Venezuelans are not only struggling with scarcity and repression, inflation could surpass 2,000 percent next year — on the back of hyperinflation in 2016. This has led locals to adopt the old custom of barter for goods and services, to recover purchasing power and overcome their distrust of the official monetary system.
The most prosperous Latin American country in the mid 20th century, Venezuela has turned into a dystopian novel. The problems grew when Hugo Chávez introduced an expansive and unsustainable welfare system, coupled with hostile conditions that killed off the private sector.
Prior administrations were far from market oriented, but they were able to at least maintain Venezuela's position as an economic leader in the region due to her abundant oil production. By contrast, Chávez began to stumble in 2008, when the oil income decreased by 40 percent with less production: 3.3 million barrels per day in 2006 versus 2.7 million in 2011. To pay for his socialist government, Chávez issued more of the local bolívar currency and took on foreign debt, which reached 71 percent of GDP in December 2012, three months before he died.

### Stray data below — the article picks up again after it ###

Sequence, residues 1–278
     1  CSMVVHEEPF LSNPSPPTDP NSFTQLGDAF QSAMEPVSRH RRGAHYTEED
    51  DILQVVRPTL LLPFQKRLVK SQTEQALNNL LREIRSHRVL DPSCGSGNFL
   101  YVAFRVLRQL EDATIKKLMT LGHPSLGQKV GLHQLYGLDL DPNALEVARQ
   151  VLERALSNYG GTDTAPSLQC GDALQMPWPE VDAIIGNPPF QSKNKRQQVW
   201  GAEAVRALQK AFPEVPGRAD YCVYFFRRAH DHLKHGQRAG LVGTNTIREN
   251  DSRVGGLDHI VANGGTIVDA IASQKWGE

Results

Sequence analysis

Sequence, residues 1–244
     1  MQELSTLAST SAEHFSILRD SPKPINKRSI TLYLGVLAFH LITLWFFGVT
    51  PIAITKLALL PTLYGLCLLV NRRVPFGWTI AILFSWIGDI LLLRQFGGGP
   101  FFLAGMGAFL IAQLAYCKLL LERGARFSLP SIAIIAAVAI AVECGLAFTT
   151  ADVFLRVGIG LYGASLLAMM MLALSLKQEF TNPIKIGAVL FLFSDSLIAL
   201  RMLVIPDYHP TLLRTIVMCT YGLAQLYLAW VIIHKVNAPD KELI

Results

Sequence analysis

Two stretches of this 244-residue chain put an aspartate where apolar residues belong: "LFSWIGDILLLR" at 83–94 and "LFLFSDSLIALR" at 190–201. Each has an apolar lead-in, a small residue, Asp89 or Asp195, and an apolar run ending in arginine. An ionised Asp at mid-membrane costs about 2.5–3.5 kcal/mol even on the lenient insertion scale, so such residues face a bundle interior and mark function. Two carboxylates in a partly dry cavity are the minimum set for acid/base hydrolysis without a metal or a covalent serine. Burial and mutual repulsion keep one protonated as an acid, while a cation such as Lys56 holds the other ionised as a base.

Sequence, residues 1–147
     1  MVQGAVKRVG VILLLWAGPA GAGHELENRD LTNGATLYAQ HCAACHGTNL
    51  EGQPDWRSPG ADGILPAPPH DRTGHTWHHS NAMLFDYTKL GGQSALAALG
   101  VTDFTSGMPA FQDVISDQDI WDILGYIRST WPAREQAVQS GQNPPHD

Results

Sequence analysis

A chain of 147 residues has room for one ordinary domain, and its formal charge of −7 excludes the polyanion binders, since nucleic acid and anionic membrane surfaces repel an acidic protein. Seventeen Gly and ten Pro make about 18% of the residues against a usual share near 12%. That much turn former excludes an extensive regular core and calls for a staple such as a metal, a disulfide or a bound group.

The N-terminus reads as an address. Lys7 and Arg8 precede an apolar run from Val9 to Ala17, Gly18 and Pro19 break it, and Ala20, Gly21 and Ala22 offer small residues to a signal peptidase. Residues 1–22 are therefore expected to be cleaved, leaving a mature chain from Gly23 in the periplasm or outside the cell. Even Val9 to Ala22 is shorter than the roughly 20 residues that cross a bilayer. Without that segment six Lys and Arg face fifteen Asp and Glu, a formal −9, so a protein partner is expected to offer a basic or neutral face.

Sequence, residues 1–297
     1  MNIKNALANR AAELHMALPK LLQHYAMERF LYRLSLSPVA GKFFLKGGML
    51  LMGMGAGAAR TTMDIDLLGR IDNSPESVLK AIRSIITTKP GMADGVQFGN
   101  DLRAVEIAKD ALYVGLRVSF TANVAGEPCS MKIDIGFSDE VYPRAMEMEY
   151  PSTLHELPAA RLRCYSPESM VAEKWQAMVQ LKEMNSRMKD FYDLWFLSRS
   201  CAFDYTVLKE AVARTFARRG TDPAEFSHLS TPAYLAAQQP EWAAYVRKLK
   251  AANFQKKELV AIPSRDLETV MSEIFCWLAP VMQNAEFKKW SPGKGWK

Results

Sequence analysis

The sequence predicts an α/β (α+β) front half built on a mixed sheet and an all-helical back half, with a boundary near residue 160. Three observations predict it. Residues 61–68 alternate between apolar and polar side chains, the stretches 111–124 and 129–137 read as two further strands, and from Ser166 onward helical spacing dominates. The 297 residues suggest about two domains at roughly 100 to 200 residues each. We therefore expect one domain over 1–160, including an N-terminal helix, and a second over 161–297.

Even though Chávez clipped three zeros from the currency, given persistent inflation, price rises have worsened under dictator Nicolás Maduro, on account of deficits financed with new currency and exacerbated by the price-control system. The Cato Institute, a libertarian think tank in Washington, DC, released a report in February 2017, and of all the troubled currencies in the world, Venezuela's had the highest inflation rate, estimated at 741 percent.
Venezuelans distrust their currency and government more each day, but they are taking whatever actions they can and creating networks to protect themselves. One such mechanism to tackle scarcity and rapidly inflating prices is barter. They have created private groups on Facebook, and they are using the hashtags #Trueque (barter/exchange) and #Vzla in tweets, to obtain the goods and services they need.
They prefer to rely on each other via social networks rather than on the formal or approved economy.
"When those involved in the barter reach an agreement, they meet later at a public place to exchange items."
As Nobel Laureate Friedrich Hayek explained, "Inflation is probably the most important single factor in that vicious circle wherein one kind of government action makes more and more government control necessary." However, resilience propels people to look for alternative ways to satisfy their needs — often outside the law — when the governing system represents a threat to their well-being and jeopardizes their freedom.
"#HFMemoryAndAccountability Chavez made it, this is Venezuela today. #Barter
The sign says, "Special Offer / Barter: two kilograms of sugar for one mixed food plate."
As highlighted by Martha Zavala's tweet, barter has become commonplace in Venezuela, since it cuts out an unreliable currency and helps people to improve their living conditions and enjoy more variety.
Karen Muñoz contributed to this article.
Image: El Nacional.